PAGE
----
« Reply #4 on: February 07, 2011, 17:13:02 »
Will have to go along and see them, I believe some things were moved to the new church but it was closed when we had a look.

They were and I was unaware until I dropped in to Egerton that they had subsequently been put there in the last couple of years. I have yet to get in the new one too.

Offline kyn

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Re: St Mary's, Little Chart
« Reply #3 on: February 07, 2011, 08:28:24 »
Will have to go along and see them, I believe some things were moved to the new church but it was closed when we had a look.

Offline Riding With The Angels

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Re: St Mary's, Little Chart
« Reply #2 on: February 06, 2011, 21:56:14 »
Great write up Kyn, the Calehill monuments can now be found at Egerton Church which is open during daylight hours having been originally housed in the new church. They are worth a look and are at the west end of the north aisle there.

Offline kyn

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St Mary's, Little Chart
« Reply #1 on: February 06, 2011, 20:52:32 »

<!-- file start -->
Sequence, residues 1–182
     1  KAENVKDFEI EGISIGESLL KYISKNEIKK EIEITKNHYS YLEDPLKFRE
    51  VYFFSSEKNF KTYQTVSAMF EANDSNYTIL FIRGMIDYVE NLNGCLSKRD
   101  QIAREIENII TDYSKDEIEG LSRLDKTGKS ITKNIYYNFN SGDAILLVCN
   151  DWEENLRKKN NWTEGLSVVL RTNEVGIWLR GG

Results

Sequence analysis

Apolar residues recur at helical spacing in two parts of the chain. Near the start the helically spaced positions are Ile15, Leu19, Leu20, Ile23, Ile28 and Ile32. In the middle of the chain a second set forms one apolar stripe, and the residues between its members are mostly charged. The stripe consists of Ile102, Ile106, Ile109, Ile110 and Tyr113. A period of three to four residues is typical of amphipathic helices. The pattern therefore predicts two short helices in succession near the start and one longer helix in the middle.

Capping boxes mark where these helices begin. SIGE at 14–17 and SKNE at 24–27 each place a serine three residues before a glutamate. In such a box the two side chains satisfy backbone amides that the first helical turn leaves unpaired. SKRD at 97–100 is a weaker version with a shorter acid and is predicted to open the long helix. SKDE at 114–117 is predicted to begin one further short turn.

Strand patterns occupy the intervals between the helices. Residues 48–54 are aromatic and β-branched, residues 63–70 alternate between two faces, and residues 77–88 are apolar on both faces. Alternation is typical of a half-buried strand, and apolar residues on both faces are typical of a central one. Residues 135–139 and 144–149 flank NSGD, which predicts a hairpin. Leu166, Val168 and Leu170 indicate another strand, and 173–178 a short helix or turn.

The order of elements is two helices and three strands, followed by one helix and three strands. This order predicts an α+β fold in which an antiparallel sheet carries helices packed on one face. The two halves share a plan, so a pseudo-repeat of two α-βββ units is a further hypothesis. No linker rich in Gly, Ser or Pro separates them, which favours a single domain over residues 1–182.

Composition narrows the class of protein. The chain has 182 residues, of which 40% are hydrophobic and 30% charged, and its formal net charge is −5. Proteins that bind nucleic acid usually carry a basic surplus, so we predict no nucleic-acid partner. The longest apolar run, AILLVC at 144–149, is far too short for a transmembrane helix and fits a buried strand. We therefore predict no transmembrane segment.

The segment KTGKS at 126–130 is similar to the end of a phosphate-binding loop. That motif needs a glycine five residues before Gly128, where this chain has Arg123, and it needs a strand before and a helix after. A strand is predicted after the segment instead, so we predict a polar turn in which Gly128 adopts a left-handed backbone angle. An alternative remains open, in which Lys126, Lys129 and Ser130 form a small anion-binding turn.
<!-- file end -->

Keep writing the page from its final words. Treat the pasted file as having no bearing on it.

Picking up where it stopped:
In 1086 when the Domesday Survey was undertaken there was no church on this site, however, due to two yew trees being sited here it is believed that the land here was used for religious purposes previously.




Between the years 1200 and 1500 a church was built on this site in three stages.  The Darell family and Peter de Bending, Lord of the Manor, were patrons of this work.  The first parts of the church to be constructed were the Nave and Chancel.  These were constructed using locally quaried ragstone during the 13th century.  100 years later the north aisle was constructed as a private chapel dedicated to St Catherine, this was constructed by Peter de Bending who was later buried there.  An interesting feature added here was the squint.


The west tower and southern porch were added in around 1500 by Sir John Darell.  The Darell family arrived in Calehill in 1410, they were a powerful and rich family who held senior offices in local and national government.  The north aisle was once full of memorials and monuments to this family.  This aisle was 'adopted' by this family until 1753 when they built their own chapel at Calehill, this left the north aisle chapel unsupported and in time the roof began leaking and the floor collapsed into the below vault.

Calehill


The 1800's saw much renovation and money spent on the church, new stained glass windows were installed and alot of other work.  Oak panelling was installed in 1916 along with new choir stalls.


During the Second World War a V1 Doodlebug hit the church after being shot down after 8pm on the 16th August 1944.  The bomb caused the destruction of the church though fortunately nobody was killed.


Due to the damage it was decided to construct a new church and in 1955 the new church was opened.


The church today